The expert committee on “Mumbai as an International Financial Centre” (MIFC) had recommended that the Indian markets open up to algorithmic trading (AT) and direct market access (with reasonable regulation) by end-2007. One could say that the timelines set by the committee were ambitious, but with every further delay in their introduction, the Indian securities market is seeming all the more ancient when compared with trading platforms on offer in overseas markets. The MIFC committee had noted that India might be losing half or more of potential order flow by erecting such regulatory barriers, since a majority of orders and trades in developed markets are from automated sources.
AT refers to orders that are automatically placed in the market by software programs built on certain mathematical models. The AT platform at the client end is connected to the exchange through direct market access (DMA). In its simplest form, AT could be a program designed to detect an arbitrage opportunity between the cash and the futures market and then place the related orders on the exchange in real time. Needless to say, computers will do this menial task much quicker than the quickest of jobbers. Incidentally, this is one algorithmic trade that the National Stock Exchange (NSE) permits currently. But that’s about it. All other trades have to be manually entered by the trading member. At the client level, the time of executing the order is even more since the trade is finally executed by the broker.
But there’s a lot more to AT and DMA than just cash-futures arbitrage. Currently, there are over 30,000 option contracts on which trading is available on NSE at various strike prices. Many contracts may be of little interest because their strike prices are far removed from current levels, but liquidity is an issue even in the remainder of the contracts. Enter AT and a number of obvious arbitrage opportunities will be up for grabs, leading to better liquidity. Besides, some firms can even run market-making operations by offering two-way quotes for illiquid contracts, where the algorithmic program could automatically hedge a position using the liquid futures market when one side of the quote is hit.
There have been concerns whether program trading leads to sharper price movements, such as the market crash in October 1987. But trading systems at the New York Stock Exchange back then were relatively primitive and couldn’t handle the surge in sell orders. It’s noteworthy that most markets that thrive on algorithmic trading and DMA have been far less volatile than the Indian markets in the recent correction. One may argue that Indian markets are inherently volatile and AT may worsen things. On the contrary, things could improve as an increase in liquidity normally provides stability to a market. When prices fall, not all automated orders are sell orders — in the case of some programs, they may well be triggers for fresh purchases. During the Indian market’s worst moments in late January, the selling was largely in the futures segment because of margin calls from brokers, leading to glaring arbitrage opportunities. Automated orders from well-capitalized players would have bridged the gap and brought stability in prices. India’s stringent position limits address any worry about manipulation, but as the MIFC committee has suggested, there has to be reasonable regulation, as well as surveillance.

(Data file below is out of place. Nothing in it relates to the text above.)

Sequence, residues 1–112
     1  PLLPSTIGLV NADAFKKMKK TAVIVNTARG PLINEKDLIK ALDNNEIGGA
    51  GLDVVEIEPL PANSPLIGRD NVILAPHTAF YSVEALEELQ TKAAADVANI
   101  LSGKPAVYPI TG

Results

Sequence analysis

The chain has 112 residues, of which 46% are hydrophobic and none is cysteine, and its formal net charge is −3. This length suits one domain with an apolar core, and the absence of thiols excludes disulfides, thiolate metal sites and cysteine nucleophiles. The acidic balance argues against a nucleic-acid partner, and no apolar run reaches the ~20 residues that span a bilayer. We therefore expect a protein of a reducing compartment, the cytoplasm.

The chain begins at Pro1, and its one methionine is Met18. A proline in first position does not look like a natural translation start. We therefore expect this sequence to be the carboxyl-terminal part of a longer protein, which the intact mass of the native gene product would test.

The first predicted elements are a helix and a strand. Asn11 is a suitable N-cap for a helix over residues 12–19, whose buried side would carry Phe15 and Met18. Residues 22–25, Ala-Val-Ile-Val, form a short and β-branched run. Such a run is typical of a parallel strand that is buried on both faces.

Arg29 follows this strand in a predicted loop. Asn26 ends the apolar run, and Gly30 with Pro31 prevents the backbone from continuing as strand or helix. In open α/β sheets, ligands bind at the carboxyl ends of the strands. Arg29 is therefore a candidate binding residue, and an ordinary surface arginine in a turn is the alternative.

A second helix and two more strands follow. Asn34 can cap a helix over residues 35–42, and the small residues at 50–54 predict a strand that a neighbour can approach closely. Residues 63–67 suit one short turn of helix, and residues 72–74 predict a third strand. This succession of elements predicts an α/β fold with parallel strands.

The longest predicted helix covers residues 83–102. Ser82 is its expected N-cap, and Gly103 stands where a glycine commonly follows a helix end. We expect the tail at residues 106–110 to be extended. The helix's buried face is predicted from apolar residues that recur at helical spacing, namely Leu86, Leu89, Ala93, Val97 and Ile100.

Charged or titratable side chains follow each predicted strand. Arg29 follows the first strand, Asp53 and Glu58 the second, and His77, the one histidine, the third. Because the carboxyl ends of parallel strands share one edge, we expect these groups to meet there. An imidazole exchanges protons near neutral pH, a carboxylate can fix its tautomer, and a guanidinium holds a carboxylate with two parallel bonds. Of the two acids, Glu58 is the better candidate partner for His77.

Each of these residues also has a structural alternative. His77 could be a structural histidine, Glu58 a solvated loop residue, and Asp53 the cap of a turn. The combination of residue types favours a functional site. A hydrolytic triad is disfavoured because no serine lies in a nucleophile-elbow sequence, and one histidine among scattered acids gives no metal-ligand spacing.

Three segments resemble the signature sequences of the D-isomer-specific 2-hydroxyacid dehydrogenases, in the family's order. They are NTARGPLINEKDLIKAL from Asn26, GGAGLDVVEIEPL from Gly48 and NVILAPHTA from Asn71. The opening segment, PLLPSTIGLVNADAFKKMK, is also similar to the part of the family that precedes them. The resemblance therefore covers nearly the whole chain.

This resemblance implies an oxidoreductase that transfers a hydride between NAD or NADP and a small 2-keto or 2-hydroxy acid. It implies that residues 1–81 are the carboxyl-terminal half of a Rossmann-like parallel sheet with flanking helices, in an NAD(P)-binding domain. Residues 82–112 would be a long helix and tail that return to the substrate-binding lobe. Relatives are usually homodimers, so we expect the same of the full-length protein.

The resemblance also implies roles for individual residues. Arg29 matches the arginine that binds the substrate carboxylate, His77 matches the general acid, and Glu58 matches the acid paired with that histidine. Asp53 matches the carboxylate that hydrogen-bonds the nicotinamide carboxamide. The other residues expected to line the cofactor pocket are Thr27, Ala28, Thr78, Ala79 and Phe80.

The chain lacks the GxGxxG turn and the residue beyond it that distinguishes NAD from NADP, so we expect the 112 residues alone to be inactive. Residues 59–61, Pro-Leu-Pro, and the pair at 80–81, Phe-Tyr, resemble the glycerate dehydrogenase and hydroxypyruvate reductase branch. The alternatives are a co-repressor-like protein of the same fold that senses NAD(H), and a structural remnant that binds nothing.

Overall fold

AT could also lead to increased order flow at the Bombay Stock Exchange (BSE) to take advantage of arbitrage opportunities vis-a-vis NSE. Along with the possibility of market making using algorithmic programs, this could well act as a trigger in reviving BSE’s moribund derivatives segment.
Make long-term options flexible
Surprise, Surprise. A few of NSE’s long-term options actually traded on the day of their launch. Till recently, liquidity on even the three-month Nifty contracts was pathetic, and so it’s quite surprising that traders bothered about the new contracts that expire between June 2008 and June 2011.
On Monday, too, only two contracts of options expiring in May (three-month) were traded, but as many as 4,606 contracts on the September and December series’ changed hands, resulting in a turnover of Rs131 crore. But we have to keep reminding ourselves: first day trades can be artificial, produced by friendly brokers to give an impression of liquidity. (Open positions can always be hedged using the futures market or the more liquid near-month options market.) It’ll be interesting if such volumes sustain for over a month. In any case, traders haven’t stuck their neck beyond December 2008, which brings us to the pertinent question of whether long-term options can be successful exchange-traded products. By nature, these are over-the-counter products, designed by banks and brokers depending on a client’s need. Confining such players to rigid strike prices and expiry dates (as is with the current system) doesn’t make sense.
If these products have to be traded on the exchange, it would be better to allow users flexibility to design their own contract, depending on their need and then introduce it for trading on the exchange. In any case, contracts with long expiry dates (such as three-five years) can’t be expected to be very liquid. But the availability of such products enhances the pool of firms and traders that are willing to enter a market. Some firms even limit their allocation to India just because they can’t buy a long-term option to hedge market risk. The introduction of exchange-traded long-term options will help some such players, but flexibility will help attract the entire lot.
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